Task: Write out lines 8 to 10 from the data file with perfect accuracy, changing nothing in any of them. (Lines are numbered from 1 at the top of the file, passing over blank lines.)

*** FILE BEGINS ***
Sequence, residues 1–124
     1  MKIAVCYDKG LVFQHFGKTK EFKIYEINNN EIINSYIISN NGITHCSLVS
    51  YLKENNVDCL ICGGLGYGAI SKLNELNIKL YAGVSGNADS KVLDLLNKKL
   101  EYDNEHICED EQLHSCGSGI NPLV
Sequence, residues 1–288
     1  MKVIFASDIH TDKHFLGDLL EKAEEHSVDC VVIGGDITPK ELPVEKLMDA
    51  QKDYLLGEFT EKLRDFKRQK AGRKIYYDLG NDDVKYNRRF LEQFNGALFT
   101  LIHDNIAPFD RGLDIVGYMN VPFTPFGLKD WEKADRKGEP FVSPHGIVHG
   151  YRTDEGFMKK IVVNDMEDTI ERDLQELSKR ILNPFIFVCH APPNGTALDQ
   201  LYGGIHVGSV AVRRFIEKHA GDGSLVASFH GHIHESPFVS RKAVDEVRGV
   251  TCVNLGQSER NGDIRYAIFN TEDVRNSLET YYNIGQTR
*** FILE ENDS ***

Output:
   101  LIHDNIAPFD RGLDIVGYMN VPFTPFGLKD WEKADRKGEP FVSPHGIVHG
   151  YRTDEGFMKK IVVNDMEDTI ERDLQELSKR ILNPFIFVCH APPNGTALDQ
   201  LYGGIHVGSV AVRRFIEKHA GDGSLVASFH GHIHESPFVS RKAVDEVRGV